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dc.contributor.authorChung, Eunnaen_US
dc.date.accessioned2017-04-06T15:43:48Z
dc.date.available2017-04-06T15:43:48Z
dc.date.issued2010-09-09en_US
dc.identifier.otheretd-09202010-143436en_US
dc.identifier.urihttp://hdl.handle.net/10919/77212
dc.description.abstractExternal stresses surrounding bone can stimulate heat shock proteins (HSPs), which are involved in anti-apoptosis, cell proliferation, and differentiation. In vitro stress modulation and HSP induction may be critical factors for enhancing bone regeneration. We investigated whether applying individual or combinatorial stress conditioning (thermal, tensile, and biochemical) and effective HSP modulation could induce in vitro responses in preosteoblasts indicating mitogenic/osteogenic/angiogenic/anti-osteoclastic effects. A preosteoblast cell line (MC3T3-E1) was exposed to conditioning protocols utilizing thermal stress applied with a water bath, tensile stress using a Flexcellâ„¢ bioreactor, and biochemical stress with the addition of growth factors (GFs) (i.e. transforming growth factor-beta 1 (TGF-β1) and bone morphogenetic protein-2 (BMP-2)). Furthermore, the role of HSP70 in osteogenesis under normal conditions and in response to heat was investigated by transfecting preosteoblasts with HSP70 small interfering RNA alone or in combination with thermal stress and measuring cellular response. Heating at 44°C (for 8 minutes) rapidly induced osteocalcin (OCN), osteopontin (OPN), osteoprotegerin (OPG), vascular endothelial growth factors (VEGF), and cyclooxygenase 2 (COX-2) mRNA at 8 hour post-heating (PH). The addition of GFs with heating induced OPG and VEGF genes more than heating or GF addition alone. OPN, OCN, and OPG secretions increased with the addition of GFs. However, matrix metalloproteinase-9 (MMP-9) secretion was inhibited by heating, with more significant declines associates with GF inclusion. Equibiaxial tension (5%, 0.2 Hz, 10 seconds tension/10 seconds rest, 6 days) with GFs enhanced proliferation than tension or GF addition alone. MMP-9 secretion decreased in response to tension alone or more with GFs. Tension (1-5%, 24 hours) with GFs induced prostaglandin E synthase 2 (PGES-2), OPG, and VEGF genes more than tension or GFs alone. Combinatorial conditioning with thermal stress (44°C, 8 minutes) and tension (3%, 0.2 Hz, 10 seconds tension/10 seconds rest, 4 hours for HSP gene and 24 hours for VEGF secretion and MMP-9 gene) induced HSP27 and HSP70, secretion of VEGF (protein), and suppression of MMP-9 (gene) more than heating or tension alone. HSP70 silencing followed by heating (44°C, 8 minutes) enhanced expression of HSP27. Mitogenic activity was inhibited by heating with more significant decrease occurring by heating and HSP70 silencing. At 10 hours PH, TGF-β1, MMP-9, and ALP mRNA decreased in response to heating and HSP70 silencing. At 48 hours PH, heating following HSP70-silencing induced VEGF secretion significantly. In conclusion, effective application of individual or combinatorial conditioning utilizing heating, tension, and GFs could be beneficial as a bone healing-strategy by rapidly inducing stress proteins (HSPs), angiogenic factor (e.g. VEGF), anti-osteoclastogenic cytokines (e.g. OPG), and bone matrix proteins (e.g. OPN and OCN) with anti-resorptive activity by inhibiting MMP-9.en_US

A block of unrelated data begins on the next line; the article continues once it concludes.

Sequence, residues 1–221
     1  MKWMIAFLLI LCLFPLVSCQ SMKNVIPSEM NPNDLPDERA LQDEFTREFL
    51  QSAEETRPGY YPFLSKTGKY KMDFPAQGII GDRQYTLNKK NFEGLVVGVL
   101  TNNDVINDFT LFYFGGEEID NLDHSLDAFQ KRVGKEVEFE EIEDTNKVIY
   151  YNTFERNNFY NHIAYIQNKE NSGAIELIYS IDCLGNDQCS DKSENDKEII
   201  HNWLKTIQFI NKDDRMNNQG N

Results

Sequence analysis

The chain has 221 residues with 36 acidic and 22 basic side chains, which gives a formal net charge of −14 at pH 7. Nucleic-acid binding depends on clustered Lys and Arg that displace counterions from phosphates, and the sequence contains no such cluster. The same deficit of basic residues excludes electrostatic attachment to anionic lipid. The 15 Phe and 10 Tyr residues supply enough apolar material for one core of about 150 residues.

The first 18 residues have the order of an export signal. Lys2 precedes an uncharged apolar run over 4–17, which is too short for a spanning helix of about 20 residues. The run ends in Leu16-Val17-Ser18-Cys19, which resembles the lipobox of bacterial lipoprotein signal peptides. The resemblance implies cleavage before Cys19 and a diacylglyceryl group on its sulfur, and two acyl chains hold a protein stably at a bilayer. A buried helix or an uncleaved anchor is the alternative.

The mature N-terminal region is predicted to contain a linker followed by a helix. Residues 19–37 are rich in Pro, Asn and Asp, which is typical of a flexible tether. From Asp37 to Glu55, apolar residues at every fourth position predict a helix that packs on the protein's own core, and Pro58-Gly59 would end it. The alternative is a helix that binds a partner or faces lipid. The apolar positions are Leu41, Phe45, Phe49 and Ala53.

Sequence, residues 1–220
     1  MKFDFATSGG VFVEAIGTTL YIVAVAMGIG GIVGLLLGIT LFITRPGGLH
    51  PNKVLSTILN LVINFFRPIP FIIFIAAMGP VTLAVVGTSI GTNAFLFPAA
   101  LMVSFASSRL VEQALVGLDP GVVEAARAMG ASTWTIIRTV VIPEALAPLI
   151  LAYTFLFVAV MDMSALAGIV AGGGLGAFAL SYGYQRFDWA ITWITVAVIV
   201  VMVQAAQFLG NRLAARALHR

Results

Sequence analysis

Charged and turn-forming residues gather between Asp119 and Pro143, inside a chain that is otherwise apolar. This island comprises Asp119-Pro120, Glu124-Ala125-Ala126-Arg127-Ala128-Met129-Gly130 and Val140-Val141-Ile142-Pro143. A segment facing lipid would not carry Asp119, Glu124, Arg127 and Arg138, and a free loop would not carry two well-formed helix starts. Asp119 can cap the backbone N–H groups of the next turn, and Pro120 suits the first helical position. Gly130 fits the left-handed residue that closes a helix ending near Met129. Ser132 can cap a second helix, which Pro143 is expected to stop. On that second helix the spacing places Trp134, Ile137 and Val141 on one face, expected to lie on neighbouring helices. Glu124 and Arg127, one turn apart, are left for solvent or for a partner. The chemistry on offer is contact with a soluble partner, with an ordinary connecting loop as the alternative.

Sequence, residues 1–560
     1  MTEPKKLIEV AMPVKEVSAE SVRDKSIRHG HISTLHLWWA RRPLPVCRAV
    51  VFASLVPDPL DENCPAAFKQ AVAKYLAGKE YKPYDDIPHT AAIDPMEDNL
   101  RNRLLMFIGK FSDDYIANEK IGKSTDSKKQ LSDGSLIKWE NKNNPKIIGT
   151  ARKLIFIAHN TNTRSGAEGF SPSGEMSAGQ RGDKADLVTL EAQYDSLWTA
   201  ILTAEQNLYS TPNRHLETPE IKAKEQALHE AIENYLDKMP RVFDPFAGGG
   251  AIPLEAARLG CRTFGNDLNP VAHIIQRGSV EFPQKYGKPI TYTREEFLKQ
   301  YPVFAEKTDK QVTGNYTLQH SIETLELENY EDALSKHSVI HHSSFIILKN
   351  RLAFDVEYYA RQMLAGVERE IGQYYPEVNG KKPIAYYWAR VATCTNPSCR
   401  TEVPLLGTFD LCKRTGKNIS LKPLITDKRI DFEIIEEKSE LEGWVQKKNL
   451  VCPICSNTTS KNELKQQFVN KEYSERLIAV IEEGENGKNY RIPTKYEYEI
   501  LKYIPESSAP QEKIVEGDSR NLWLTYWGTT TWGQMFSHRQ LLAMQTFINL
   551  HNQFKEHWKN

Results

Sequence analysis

dc.language.isoen_USen_US
dc.publisherVirginia Techen_US
dc.rightsI hereby certify that, if appropriate, I have obtained and attached hereto a written permission statement from the owner(s) of each third party copyrighted matter to be included in my thesis, dissertation, or project report, allowing distribution as specified below. I certify that the version I submitted is the same as that approved by my advisory committee. I hereby grant to Virginia Tech or its agents the non-exclusive license to archive and make accessible, under the conditions specified below, my thesis, dissertation, or project report in whole or in part in all forms of media, now or hereafter known. I retain all other ownership rights to the copyright of the thesis, dissertation or project report. I also retain the right to use in future works (such as articles or books) all or part of this thesis, dissertation, or project report.en_US
dc.subjectbone regenerationen_US
dc.subjectheatingen_US
dc.subjectmechanical stressen_US
dc.subjectbioreactoren_US
dc.subjectpreosteoblasten_US
dc.subjectgrowth factoren_US
dc.subjectheat shock proteinen_US
dc.titleStress Conditioning and Heat Shock Protein Manipulation for Bone Tissue Engineeringen_US
dc.typeDissertationen_US
dc.contributor.departmentBiomedical Engineeringen_US
dc.description.degreePh. D.en_US
thesis.degree.namePh. D.en_US
thesis.degree.leveldoctoralen_US
thesis.degree.grantorVirginia Polytechnic Institute and State Universityen_US
thesis.degree.disciplineBiomedical Engineeringen_US
dc.contributor.committeechairRylander, Marissa Nicoleen_US
dc.contributor.committeememberDahlgren, Linda A.en_US
dc.contributor.committeememberMorgan, Abby W.en_US
dc.contributor.committeememberGoldstein, Aaron S.en_US
dc.contributor.committeememberFreeman, Joseph W.en_US
dc.type.dcmitypeTexten_US
dc.identifier.sourceurlhttp://scholar.lib.vt.edu/theses/available/etd-09202010-143436/en_US
dc.date.sdate2010-09-20en_US
dc.date.rdate2016-09-27
dc.date.adate2010-10-29en_US


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